When trainers talk about the May 5 Kentucky Derby, more and more they're saying it's a wide-open race. But no one is quite sure if that's really the case, as most eyes today will be focused on the $750,000 Grade I Toyota Blue Grass Stakes, where Street Sense and Great Hunter are expected to turn the seven-horse race into a two-horse showdown.
"There's a lot of nice 3-year-olds out there," said veteran trainer Bob Holthus, who trained Lawyer Ron in last year's Kentucky Derby and who will send Officer Rocket to post against Curlin and five others in today's $1 million Arkansas Derby. "It's going to take a good, fit, sound horse to carry it [the Kentucky Derby] off. Right now, I guess, Street Sense would be the favorite, but if he would throw in a bad one [today], I really think it [would be] a pretty wide-open race. The horses just, you know, one week they look like world beaters, then they run back and they don't perform."
That's been true of Nobiz Like Shobiz and Hard Spun, who both followed victories with defeat before righting themselves in the Wood Memorial and Lane's End Stakes, respectively.
Any Given Saturday, who earned much respect by turning in a sharp performance while losing by a nose to Street Sense in the Tampa Bay Derby, looked spent at the Wood Memorial.
And Cobalt Blue went into the Illinois Derby last week off a win and finished as an also-ran.
"It's interesting," said trainer Darren Miller, who will send Dominican against Street Sense, Great Hunter, Teuflesberg, Zanjero, Time Squared and Love Dubai in the Blue Grass. "How did Street Sense come out of the Tampa race? We just need to find out."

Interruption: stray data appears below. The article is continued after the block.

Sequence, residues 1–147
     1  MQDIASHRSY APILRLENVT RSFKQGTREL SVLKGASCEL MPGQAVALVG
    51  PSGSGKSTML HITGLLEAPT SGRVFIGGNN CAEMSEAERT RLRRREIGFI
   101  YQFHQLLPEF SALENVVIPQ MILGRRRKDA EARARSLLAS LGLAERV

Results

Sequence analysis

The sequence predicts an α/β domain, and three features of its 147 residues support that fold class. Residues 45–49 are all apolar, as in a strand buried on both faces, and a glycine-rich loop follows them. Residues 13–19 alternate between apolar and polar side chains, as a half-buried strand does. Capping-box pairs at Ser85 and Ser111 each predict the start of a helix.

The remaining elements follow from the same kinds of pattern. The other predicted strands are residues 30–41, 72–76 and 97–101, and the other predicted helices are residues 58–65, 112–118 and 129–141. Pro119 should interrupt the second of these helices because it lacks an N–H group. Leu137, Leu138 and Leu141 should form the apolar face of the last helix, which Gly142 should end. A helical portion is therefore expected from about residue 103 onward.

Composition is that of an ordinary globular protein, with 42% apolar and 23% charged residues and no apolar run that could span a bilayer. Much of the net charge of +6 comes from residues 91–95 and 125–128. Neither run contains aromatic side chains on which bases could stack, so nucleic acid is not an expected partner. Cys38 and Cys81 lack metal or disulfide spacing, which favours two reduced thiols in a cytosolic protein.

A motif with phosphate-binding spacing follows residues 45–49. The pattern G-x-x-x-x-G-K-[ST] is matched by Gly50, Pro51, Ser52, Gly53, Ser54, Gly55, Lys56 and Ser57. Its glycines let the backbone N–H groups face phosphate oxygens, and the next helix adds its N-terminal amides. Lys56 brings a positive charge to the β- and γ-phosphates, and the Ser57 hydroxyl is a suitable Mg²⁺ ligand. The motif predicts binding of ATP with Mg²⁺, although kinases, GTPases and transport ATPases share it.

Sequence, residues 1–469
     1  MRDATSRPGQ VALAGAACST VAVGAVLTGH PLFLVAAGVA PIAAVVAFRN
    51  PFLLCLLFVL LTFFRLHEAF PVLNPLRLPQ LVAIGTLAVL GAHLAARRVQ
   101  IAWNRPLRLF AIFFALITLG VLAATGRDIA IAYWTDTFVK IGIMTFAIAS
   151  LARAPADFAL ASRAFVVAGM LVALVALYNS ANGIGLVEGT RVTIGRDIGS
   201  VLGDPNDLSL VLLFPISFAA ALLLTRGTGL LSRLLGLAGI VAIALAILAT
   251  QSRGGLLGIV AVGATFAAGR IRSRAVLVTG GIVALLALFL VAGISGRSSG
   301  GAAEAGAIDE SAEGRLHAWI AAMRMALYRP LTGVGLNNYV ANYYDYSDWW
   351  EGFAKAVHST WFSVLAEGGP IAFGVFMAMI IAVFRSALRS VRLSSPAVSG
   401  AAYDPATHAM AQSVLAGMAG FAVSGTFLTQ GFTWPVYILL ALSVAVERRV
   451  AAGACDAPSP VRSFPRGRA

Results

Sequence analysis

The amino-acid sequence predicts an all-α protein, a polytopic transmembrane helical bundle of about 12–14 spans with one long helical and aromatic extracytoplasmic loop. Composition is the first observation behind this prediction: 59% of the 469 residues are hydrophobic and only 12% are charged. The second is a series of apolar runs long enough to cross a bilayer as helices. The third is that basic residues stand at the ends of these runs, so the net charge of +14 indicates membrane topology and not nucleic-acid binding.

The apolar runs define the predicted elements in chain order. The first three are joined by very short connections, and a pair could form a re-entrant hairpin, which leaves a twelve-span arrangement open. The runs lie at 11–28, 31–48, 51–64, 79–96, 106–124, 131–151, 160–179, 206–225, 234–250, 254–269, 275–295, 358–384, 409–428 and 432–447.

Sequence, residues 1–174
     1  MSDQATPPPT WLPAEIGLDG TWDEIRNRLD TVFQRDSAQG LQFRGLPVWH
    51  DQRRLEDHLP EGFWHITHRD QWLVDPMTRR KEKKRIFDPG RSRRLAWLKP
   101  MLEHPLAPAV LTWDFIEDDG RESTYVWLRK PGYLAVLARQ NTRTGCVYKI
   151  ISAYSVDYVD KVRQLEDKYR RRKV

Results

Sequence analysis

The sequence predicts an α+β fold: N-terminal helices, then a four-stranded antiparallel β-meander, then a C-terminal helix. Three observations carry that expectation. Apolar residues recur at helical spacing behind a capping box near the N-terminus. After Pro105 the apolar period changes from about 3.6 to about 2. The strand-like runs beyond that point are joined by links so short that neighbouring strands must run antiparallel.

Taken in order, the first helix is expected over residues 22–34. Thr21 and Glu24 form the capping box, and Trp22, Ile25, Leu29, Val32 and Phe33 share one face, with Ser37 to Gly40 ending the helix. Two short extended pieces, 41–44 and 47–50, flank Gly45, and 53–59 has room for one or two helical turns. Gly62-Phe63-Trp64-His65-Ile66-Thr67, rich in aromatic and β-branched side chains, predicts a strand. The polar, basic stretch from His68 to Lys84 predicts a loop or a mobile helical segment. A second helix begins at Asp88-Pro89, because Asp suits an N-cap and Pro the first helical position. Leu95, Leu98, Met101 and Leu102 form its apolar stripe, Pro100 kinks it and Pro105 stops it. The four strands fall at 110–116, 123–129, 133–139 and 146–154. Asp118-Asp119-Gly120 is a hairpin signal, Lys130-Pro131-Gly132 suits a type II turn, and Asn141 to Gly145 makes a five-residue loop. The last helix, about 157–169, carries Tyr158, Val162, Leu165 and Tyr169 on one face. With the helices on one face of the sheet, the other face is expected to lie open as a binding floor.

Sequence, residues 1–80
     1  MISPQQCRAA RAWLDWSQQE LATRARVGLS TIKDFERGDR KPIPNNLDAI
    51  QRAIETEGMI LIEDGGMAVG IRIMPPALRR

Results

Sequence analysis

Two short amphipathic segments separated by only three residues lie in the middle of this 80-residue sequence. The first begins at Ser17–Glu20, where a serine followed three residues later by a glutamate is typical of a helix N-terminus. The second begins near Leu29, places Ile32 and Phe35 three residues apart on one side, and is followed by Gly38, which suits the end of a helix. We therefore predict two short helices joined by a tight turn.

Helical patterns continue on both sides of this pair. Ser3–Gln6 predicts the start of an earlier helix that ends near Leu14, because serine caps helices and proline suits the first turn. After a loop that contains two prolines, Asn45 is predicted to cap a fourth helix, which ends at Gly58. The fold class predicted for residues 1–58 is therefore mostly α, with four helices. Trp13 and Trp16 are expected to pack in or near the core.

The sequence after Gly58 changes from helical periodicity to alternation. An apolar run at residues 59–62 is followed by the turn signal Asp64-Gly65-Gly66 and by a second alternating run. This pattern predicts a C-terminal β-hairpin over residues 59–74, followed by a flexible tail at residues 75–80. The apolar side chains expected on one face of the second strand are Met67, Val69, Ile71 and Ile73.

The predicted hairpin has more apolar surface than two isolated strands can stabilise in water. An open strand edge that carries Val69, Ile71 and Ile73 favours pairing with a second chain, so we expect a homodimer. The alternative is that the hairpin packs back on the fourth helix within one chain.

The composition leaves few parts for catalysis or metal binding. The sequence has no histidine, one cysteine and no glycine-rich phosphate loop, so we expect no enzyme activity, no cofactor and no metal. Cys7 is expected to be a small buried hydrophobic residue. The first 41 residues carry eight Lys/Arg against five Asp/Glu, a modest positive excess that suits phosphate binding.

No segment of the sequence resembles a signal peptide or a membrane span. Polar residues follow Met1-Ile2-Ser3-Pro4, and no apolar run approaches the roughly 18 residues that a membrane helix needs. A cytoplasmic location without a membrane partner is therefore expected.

The Blue Grass will be broadcast beginning at 5 p.m. on ESPN.
Street Sense and Great Hunter have met twice before. In October, Great Hunter beat the 2-year-old champion in the Grade I Lane's End Breeders' Futurity at Keeneland, but in November Street Sense turned the tables with his 10-length victory in the Breeders' Cup Juvenile at Churchill Downs.
This is the rubber match.
But Dominican could have something to say about the outcome.
As a maiden, he finished a close fourth to Street Sense's third in the Arlington-Washington Futurity in September and was a competitive third in his last race as a 2-year-old behind unbeaten Tiz Wonderful and Any Given Saturday. He followed that this year with a five-length victory in the Rushaway Stakes at Turfway Park in March.
After Miller watched the Tampa Bay Derby, in which Street Sense and Any Given Saturday went head-to-head to the wire, the trainer had another thought.
"I figured my horse had to be somewhere in the mix," he said. "I think the fact my horse shows up for work every morning, the fact he has never disappointed me gives me confidence in him. He's very consistent. ... He's a trier. ... I think he's a real horse."
Miller, like Holthus, believes the Kentucky Derby field is looking more and more like anyone's race, and he hopes that's particularly true today.
"Street Sense is an obvious, and Great Hunter has done nothing wrong," Miller said. "But I don't see one that really stands out. I think they've all sort of matched up against each other well."